Only Ryan fans left saying the game was great. Actually, it was afflicted by a bad case of the blahs, although Dennis
Hennelly's solo, fifth-inning homer did pull Bonner within 4-3.
Rightfielder Joe Wagner followed Jenkins's single and Tim Brydges's double with a two-run double in the visiting sixth
for a 6-3 lead and Jim Doherty, who relieved winner Rich Schonewolf after five, ended all suspense in the bottom half by
retiring Hennelly on a two-out, bases-loaded popup to shortstop Nick Chichilitti.
"If Hennelly hits another one," Papirio said, "Bonner's on its way to the championship."
Instead, the winner was Ryan, which fielded a team that never will be memorialized. That's all right. All these guys ever
wanted to do was take home the plaque.
EXTRA BASES: Bob Stratton coached Bonner to Catholic and City championships in 1970 . . . Ryan's 1980 everyday
eight: Steve Pindyski, cf; Jim Pawloski, 1b; Bruce Voell, rf; Dan Cataline, lf; Don Bradley, 3b; Nick Russo, 2b; Ken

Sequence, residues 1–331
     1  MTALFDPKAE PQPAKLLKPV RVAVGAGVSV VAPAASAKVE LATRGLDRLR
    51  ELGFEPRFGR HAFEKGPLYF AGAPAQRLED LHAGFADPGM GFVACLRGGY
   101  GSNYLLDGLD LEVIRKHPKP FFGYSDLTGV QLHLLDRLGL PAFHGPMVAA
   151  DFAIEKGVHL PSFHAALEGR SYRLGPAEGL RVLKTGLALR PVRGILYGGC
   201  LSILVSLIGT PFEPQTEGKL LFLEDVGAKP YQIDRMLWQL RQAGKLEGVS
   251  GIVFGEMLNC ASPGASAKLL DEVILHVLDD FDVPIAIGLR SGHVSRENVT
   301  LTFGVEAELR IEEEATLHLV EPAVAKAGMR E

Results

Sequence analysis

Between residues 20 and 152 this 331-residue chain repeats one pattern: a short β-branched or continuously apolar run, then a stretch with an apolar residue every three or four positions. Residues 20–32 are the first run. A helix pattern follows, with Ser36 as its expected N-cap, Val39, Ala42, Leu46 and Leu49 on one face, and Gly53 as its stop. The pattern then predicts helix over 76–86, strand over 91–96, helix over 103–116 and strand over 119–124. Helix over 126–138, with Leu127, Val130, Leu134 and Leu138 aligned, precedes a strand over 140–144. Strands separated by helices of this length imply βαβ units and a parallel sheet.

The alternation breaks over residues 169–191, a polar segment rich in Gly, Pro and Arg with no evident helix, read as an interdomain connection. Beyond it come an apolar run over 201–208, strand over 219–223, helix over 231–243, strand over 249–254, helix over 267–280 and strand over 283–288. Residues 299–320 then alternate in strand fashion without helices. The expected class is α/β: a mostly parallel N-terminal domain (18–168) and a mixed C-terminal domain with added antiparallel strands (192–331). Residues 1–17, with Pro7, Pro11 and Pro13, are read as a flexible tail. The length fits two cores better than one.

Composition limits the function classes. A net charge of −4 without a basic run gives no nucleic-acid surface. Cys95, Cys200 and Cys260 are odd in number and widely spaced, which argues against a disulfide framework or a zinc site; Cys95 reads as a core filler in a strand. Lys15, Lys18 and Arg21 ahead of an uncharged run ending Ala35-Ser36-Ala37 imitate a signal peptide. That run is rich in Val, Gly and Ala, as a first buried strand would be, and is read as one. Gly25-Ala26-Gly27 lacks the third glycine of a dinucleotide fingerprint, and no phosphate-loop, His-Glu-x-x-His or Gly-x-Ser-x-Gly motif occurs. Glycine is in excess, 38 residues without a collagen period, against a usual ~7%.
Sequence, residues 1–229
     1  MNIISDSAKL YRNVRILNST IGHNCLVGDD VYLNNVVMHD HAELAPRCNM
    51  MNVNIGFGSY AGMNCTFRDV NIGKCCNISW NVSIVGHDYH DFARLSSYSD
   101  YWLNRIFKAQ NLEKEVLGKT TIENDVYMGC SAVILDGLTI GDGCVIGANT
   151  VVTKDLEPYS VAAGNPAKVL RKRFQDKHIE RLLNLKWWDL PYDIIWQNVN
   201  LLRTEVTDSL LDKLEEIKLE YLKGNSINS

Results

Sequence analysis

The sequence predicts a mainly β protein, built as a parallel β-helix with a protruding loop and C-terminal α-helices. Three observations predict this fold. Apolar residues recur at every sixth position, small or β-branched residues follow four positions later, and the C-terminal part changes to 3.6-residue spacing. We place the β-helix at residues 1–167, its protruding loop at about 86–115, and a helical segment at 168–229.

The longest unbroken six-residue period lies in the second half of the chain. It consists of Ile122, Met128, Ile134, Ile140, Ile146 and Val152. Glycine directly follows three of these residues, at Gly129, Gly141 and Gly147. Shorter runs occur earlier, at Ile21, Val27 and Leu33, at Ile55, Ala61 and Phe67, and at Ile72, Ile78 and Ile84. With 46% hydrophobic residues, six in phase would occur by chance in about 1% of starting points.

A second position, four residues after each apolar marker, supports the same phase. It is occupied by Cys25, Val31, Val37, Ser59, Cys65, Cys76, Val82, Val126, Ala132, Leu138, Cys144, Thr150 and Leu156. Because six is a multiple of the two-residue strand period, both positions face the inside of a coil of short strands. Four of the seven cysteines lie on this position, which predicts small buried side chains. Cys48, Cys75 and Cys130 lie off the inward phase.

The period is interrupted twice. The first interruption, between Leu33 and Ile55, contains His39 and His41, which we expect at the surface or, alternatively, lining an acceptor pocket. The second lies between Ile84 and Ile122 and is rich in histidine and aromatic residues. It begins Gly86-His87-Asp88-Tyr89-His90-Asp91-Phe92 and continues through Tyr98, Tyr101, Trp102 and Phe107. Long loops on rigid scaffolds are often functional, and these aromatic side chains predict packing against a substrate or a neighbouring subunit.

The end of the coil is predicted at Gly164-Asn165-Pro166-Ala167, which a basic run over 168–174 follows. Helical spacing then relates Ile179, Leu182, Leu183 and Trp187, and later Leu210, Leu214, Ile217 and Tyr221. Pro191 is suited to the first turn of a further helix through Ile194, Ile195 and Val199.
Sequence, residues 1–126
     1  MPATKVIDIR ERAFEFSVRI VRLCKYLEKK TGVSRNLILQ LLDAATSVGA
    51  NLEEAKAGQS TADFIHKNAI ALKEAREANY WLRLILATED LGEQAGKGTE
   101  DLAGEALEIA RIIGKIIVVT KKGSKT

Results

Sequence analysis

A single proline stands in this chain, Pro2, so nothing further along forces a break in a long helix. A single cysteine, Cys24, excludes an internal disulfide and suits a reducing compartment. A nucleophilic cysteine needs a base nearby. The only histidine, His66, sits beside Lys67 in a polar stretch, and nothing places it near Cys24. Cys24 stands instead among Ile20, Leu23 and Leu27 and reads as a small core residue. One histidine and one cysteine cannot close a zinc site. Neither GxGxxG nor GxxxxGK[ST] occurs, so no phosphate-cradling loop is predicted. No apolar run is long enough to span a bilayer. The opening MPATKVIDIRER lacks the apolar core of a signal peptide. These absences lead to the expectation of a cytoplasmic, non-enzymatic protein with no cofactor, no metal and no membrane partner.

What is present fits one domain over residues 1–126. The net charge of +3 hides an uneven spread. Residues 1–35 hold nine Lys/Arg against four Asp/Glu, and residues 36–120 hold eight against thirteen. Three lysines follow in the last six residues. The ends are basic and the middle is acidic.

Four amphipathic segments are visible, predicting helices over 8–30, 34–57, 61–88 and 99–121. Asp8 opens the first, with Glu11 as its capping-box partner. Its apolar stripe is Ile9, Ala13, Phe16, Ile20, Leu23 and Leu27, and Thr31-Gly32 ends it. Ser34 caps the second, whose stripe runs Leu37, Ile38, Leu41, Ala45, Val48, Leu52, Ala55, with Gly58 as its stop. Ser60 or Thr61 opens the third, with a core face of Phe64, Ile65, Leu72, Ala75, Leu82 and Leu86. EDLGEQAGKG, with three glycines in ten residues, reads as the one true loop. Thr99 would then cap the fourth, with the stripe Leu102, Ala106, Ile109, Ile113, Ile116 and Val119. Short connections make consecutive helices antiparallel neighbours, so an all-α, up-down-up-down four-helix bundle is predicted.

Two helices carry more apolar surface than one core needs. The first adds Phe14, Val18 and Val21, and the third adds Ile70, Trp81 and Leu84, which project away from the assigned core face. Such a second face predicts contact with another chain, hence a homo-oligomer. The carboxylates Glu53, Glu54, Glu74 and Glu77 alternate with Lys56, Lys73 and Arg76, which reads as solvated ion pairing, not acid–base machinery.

Pawloski, ss; Jim Vanderslice, c . . . The Rev. Richard Olszewski, Ryan's moderator, had his nose bloodied in a
celebration pileup at the mound after the game.
This story was written in 2006 after
Rich broke the lengthy title drought at
Egan/C-E . . .
By Ted Silary
SNAKEBITTEN no more.
The baseball-playing Eagles of Conwell-Egan High proved so yesterday, but they knew so a day earlier.
Face your fear. That's what people say, right?
So after Tuesday's practice, four prime-time performers, mindful of their school's long history of gut-wrenching
playoff disasters, came up with this brainstorm: We'll go to the Delaware River in Morrisville and catch a snake.
After C-E, nee Bishop Egan, rolled past St. Joseph's Prep, 8-3, in sweltering weather at Widener University to win
its second-ever diamond title and first since 1968, coach Rich Papirio, a backup on that long-ago squad, noted that
many of his players all season had maintained a refuse-to-lose approach.
He added: "I've been so relaxed as a coach this season. With my son [Phil] serving in Iraq, I realize wholeheartedly